Learning curve: Sanaa's spectacular floating Lausanne library rockets them into architecture's premier league

Jay Merrick
Thursday 18 February 2010 01:00 GMT

In Lausanne yesterday, the feted Japanese architects Kazuo Sejima and Ryue Nishizawa – aka Sanaa – became the profession's anointed artists of the floating world. Their new SF110m (£65m) building is a fluid exercise in glass and concrete. It is called the Rolex Learning Centre. Yet visually, it is the reverse – a kind of unlearning centre where the doors of perception melt into a soft vitreous glaze and shape and edge become ambiguous.

If you enjoyed the refined delights of Sanaa's 2009 Serpentine Pavilion, you will have no trouble recognising the conceptual genetics of the Rolex Learning Centre: the pavilion was the skeleton of this much bigger idea. And here it is, on the campus of the Ecole Polytechnique Fédérale de Lausanne, where the scientific research is as highly rated as that of Cambridge or Imperial College.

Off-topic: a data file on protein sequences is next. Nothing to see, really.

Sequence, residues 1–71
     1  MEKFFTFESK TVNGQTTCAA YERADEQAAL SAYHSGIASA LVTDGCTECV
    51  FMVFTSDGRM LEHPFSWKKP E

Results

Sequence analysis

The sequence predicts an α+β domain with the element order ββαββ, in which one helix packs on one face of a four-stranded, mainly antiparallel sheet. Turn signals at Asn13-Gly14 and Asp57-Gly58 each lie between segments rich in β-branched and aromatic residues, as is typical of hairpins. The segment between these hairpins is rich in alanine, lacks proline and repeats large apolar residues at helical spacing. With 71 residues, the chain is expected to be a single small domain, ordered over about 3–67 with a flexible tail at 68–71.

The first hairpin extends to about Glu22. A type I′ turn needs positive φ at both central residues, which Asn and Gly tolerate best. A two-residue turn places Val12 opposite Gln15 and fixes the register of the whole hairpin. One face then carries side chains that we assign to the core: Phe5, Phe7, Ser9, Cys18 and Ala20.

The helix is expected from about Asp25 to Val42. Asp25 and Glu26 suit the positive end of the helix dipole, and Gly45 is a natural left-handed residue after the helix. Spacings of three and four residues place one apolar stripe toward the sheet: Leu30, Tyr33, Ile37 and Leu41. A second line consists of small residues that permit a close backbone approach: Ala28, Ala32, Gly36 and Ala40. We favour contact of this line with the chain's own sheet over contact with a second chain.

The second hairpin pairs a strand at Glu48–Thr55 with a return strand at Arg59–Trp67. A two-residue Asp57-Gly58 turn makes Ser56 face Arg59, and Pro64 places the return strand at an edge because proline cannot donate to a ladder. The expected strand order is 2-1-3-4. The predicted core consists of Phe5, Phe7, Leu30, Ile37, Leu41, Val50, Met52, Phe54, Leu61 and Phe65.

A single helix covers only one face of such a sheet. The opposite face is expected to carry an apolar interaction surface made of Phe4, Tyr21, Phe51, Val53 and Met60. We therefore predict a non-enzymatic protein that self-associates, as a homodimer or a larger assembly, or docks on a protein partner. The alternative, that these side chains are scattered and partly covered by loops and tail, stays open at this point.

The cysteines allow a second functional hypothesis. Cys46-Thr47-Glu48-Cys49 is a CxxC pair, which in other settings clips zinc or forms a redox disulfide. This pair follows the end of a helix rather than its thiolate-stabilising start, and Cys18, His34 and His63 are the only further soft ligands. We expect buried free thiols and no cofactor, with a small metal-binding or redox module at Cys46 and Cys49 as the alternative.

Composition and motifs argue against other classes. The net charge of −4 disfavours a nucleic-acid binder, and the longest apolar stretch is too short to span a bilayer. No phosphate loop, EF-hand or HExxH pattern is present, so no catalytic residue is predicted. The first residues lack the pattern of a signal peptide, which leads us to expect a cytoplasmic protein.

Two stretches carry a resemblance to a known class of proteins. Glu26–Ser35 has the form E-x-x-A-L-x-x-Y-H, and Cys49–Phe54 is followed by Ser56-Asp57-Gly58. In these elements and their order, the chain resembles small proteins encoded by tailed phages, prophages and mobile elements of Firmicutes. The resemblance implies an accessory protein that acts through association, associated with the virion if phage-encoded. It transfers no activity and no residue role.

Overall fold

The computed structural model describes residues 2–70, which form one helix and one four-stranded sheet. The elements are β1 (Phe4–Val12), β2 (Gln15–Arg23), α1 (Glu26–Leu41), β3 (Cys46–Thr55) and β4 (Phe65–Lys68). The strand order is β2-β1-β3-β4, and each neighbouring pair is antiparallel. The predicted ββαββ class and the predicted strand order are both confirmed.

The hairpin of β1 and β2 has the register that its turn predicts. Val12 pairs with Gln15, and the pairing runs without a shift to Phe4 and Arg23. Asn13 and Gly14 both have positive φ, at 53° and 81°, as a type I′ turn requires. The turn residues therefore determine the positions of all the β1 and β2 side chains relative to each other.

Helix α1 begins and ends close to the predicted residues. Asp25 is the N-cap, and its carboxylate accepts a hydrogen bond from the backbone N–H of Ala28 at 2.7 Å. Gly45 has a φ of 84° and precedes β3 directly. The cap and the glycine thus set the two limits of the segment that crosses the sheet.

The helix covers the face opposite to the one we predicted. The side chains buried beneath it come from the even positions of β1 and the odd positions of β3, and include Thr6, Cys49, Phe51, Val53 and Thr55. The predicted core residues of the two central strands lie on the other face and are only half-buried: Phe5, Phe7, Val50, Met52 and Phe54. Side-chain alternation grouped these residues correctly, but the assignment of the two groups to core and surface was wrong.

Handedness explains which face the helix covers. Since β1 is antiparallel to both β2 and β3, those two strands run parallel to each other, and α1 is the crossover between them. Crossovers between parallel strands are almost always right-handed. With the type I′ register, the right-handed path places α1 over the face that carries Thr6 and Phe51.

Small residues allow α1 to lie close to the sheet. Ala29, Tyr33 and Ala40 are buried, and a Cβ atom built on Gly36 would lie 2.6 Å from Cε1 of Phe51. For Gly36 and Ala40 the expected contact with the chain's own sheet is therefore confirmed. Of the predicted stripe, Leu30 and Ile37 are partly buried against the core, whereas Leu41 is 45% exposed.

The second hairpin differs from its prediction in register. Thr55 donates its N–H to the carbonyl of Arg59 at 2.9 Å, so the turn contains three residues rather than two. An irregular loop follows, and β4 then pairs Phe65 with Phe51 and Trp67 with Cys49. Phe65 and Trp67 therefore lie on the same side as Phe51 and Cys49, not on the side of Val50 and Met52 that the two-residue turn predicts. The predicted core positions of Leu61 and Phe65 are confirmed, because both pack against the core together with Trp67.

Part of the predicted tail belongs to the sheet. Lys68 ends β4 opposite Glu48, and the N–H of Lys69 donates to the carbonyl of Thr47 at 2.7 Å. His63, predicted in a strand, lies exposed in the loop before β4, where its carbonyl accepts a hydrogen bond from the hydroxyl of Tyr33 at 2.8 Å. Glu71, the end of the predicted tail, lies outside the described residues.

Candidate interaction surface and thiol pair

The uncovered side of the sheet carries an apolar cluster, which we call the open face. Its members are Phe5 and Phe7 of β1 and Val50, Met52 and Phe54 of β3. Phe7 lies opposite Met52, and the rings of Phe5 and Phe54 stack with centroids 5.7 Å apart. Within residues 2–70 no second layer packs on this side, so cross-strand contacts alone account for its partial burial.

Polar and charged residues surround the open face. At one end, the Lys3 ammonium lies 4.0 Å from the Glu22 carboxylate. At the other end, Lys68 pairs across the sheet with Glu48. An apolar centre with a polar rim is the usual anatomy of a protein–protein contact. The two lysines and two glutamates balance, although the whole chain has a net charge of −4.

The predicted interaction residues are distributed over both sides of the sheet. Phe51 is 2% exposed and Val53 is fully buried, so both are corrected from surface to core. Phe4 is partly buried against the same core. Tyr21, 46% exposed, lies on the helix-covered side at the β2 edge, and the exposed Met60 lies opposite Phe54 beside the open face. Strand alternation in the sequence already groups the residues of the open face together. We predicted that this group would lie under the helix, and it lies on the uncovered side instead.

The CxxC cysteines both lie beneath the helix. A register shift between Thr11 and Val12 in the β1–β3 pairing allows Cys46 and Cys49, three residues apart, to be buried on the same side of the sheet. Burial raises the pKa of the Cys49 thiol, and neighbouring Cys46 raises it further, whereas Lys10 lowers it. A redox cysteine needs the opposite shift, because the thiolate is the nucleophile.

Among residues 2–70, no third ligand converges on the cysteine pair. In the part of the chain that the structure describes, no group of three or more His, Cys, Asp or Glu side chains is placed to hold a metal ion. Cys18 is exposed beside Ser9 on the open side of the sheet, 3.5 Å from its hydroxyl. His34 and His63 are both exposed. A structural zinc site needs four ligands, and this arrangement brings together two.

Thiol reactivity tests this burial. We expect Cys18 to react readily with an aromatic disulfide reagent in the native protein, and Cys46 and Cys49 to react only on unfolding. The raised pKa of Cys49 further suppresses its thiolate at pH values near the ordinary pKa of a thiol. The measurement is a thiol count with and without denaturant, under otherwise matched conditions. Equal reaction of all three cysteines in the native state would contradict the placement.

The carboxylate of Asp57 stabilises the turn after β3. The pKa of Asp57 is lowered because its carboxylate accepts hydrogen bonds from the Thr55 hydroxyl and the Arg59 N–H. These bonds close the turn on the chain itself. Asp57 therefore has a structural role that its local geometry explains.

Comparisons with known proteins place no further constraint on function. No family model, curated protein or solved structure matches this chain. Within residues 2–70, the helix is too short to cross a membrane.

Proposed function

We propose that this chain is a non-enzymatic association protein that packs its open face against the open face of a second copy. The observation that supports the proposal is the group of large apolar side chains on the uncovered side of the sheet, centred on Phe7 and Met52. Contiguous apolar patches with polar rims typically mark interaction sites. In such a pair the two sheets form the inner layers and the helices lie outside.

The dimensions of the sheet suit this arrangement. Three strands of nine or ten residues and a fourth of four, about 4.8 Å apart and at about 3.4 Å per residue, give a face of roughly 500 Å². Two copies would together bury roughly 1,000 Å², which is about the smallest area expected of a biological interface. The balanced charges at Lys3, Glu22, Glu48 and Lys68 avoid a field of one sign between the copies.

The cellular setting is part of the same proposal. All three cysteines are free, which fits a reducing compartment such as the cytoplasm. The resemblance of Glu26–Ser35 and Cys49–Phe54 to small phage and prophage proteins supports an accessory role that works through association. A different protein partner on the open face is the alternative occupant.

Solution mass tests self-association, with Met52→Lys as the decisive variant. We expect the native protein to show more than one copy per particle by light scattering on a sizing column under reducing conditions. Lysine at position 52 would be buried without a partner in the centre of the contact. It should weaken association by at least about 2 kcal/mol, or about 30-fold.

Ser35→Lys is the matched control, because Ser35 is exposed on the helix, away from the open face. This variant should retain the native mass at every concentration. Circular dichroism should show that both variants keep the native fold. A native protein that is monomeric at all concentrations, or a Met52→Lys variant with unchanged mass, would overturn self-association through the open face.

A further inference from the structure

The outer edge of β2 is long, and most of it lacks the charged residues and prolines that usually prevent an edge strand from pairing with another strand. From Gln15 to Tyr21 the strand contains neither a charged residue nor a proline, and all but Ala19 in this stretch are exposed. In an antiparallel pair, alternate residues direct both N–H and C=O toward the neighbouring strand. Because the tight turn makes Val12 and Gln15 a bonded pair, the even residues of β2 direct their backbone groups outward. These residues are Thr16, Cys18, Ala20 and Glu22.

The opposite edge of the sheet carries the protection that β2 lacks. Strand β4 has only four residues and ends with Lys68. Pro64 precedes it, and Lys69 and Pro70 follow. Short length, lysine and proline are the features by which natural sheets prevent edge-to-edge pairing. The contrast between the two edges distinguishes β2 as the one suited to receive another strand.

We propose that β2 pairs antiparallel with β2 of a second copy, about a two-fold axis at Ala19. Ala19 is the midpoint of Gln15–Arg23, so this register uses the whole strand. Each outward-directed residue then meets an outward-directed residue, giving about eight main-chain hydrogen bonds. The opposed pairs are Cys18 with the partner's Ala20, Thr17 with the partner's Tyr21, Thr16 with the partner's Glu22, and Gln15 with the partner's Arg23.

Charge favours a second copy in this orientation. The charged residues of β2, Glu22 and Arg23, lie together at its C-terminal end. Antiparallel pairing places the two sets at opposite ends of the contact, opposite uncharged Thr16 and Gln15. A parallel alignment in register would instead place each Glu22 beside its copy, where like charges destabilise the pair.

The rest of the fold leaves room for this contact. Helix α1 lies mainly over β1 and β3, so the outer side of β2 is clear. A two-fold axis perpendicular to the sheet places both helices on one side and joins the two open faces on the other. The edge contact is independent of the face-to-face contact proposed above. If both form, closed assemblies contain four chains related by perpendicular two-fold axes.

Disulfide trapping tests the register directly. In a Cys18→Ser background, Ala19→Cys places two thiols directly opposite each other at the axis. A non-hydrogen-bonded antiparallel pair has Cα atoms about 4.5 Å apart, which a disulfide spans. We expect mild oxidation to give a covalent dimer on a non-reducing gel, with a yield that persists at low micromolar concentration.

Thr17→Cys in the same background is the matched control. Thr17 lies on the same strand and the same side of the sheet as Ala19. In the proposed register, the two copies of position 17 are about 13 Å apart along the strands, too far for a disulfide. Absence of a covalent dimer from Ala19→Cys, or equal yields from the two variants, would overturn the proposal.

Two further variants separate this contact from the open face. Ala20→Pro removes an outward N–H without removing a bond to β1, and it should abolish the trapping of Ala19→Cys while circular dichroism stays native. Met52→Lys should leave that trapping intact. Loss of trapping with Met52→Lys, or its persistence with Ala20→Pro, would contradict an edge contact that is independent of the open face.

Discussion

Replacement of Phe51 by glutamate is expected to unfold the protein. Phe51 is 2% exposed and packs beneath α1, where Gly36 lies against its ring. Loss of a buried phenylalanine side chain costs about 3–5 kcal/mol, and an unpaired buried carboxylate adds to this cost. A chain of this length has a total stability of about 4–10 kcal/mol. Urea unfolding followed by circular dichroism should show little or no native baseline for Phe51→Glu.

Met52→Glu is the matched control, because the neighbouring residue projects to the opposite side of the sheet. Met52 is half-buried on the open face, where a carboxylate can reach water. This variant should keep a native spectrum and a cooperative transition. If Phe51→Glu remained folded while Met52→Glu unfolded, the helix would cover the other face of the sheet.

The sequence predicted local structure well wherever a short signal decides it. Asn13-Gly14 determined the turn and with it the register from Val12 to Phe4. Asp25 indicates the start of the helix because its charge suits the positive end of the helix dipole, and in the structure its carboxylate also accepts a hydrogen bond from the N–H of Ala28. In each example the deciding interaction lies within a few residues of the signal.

Scientists require chains of repeatable causes and effects. In Sanaa's building one experiences effects; the causes seem secondary. Ah, so this must be shock-of-the-new architecture! No, it isn't. And here's the proof: "Today's artist lives in an era of dissolution without guidance. The old forms are in ruins, the benumbed world is shaken up, the old human spirit is invalidated and in flux towards a new form. We float in space, and cannot perceive the new order."

That quote – and I'm typing this, very aptly, at a desk on a plateau floating above the library in the Centre – is from Walter Gropius, the godfather of modernist architecture, and he said it in 1919 in Berlin. Nothing is ever quite new in architecture, it just gets more sophisticated in terms of materials and details. Sanaa are simply the politely creative grandchildren of Gropius; and the grandchildren of the Swedish genius Alvar Aalto too. Aalto's Paradise Restaurant at the 1930 Stockholm Exhibition was one of the first buildings to use glass as a kind of skin.